Usually more dense and nutritious, these flours are rarely used alone. They need to be mixed with medium-protein flours and starches.
• Fine cornmeal: Also known as polenta, this flour tastes sweet and slightly nutty and adds strength and great flavour. Perfect for making cornbread and for breading meats.
• Almond flour: Nothing more than finely ground almonds, this flour is slightly sweet and has a wonderful nutty flavour, and is also high in healthy fats, producing a tender, moist crumb, similar to wheat flour.
• Cashew flour: Similar characteristics to almond flour, though with a higher protein level (10g protein per 4 tablespoons).
• Rice flour: Either from white or brown rice, this flour is flavourless and provides a crumbly texture. Usually used mixed with other flours, and the superfine flour is the ideal one for baking. White rice flour is an all-purpose flour used for breading and thickening.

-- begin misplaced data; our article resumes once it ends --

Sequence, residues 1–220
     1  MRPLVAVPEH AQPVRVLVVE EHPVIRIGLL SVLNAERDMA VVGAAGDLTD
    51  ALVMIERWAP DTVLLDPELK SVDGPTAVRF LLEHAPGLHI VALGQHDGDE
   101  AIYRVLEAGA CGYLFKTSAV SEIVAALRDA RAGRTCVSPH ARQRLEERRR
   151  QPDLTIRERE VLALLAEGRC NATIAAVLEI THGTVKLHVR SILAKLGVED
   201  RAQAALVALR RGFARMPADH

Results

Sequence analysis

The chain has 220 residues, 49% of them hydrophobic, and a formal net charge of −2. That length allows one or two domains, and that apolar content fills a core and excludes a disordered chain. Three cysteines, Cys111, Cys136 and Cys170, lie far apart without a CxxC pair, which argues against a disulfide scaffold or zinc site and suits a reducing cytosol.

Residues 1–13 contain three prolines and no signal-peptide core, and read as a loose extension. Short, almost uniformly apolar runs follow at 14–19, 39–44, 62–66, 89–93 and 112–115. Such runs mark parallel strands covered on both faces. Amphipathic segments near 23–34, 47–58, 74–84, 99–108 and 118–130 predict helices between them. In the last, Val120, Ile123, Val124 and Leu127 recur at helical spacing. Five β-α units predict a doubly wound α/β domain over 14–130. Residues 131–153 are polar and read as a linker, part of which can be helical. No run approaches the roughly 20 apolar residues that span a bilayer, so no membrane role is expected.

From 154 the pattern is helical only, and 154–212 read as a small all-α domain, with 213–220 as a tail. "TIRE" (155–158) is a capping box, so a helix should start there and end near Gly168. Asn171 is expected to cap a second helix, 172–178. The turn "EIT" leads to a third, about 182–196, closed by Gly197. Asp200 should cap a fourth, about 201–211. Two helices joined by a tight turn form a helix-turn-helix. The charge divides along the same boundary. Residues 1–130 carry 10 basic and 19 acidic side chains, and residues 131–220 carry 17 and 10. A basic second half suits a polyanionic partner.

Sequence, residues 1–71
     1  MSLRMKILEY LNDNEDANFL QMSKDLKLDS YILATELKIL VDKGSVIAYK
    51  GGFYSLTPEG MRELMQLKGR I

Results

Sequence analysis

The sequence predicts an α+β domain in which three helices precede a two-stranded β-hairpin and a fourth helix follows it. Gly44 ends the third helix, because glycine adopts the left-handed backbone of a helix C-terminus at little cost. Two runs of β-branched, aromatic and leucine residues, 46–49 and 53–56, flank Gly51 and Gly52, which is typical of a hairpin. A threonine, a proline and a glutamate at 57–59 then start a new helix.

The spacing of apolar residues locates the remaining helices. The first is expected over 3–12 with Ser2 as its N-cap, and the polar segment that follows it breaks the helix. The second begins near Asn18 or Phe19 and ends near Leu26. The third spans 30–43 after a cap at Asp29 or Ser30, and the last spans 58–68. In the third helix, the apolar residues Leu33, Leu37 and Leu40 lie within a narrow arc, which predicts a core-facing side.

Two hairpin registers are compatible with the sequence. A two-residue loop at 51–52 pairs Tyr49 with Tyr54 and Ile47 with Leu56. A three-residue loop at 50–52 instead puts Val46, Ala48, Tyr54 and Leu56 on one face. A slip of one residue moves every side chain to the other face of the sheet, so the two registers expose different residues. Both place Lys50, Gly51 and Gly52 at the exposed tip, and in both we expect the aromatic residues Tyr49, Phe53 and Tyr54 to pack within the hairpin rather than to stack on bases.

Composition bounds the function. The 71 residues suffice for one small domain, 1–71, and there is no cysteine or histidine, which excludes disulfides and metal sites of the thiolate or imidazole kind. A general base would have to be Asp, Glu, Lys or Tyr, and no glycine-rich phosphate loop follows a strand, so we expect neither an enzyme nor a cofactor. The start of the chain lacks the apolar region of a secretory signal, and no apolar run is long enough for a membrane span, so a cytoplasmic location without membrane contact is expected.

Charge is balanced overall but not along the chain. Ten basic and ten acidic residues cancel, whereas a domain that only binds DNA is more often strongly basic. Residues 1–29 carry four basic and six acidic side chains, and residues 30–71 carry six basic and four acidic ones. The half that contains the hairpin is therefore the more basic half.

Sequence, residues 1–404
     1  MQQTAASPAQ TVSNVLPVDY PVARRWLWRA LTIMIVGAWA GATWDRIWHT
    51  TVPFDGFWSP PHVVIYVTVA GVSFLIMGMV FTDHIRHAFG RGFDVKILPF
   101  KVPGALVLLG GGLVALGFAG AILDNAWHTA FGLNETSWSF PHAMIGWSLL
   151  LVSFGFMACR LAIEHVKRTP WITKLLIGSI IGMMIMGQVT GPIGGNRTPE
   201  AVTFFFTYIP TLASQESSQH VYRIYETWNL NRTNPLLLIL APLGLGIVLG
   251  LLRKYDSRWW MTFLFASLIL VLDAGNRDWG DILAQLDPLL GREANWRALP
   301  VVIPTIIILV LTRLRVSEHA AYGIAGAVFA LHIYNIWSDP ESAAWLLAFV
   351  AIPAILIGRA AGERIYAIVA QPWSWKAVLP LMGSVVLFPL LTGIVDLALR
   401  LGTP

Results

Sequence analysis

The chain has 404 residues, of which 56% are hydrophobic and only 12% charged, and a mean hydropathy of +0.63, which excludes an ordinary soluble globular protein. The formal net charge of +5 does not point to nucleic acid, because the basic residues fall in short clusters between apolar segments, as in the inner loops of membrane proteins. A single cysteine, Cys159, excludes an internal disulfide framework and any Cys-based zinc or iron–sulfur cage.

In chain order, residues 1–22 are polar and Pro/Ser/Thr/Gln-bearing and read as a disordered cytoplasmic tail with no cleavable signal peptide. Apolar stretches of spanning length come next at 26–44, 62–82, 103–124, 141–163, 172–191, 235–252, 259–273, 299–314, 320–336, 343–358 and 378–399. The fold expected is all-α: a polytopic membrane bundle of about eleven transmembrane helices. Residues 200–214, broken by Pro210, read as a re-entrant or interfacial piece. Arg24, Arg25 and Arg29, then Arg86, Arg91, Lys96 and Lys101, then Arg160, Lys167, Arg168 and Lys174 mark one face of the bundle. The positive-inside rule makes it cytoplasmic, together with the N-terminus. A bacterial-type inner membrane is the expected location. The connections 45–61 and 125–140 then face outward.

• Buckwheat flour: Derived from a plant related to rhubarb, this flour has great nutritional value and is usually used for pancakes, blinis, crepes and soba noodles.
• Coconut flour: Very mild and slightly sweet, also high in healthy fats, this flour gives a great moist crumb, but works best in recipes with eggs, which provide structure and moisture.
• Teff flour: Derived from a highly nutritious grain, high in both protein and calcium, originally from Ethiopia, this flour gives a great crumb and adds moisture to gluten free goods. It comes in two versions: ivory or brown. The brown one has a nutty taste similar to cocoa powder, and is especially good for brownies. (Teff brownies are simply delicious!)
• Kamut, einkorn and spelt flours: These flours are milled from ancient forms of wheat. While they contain low levels of gluten and aren't appropriate for a coeliac friendly diet, they can sometimes be tolerated by people with gluten sensitivities.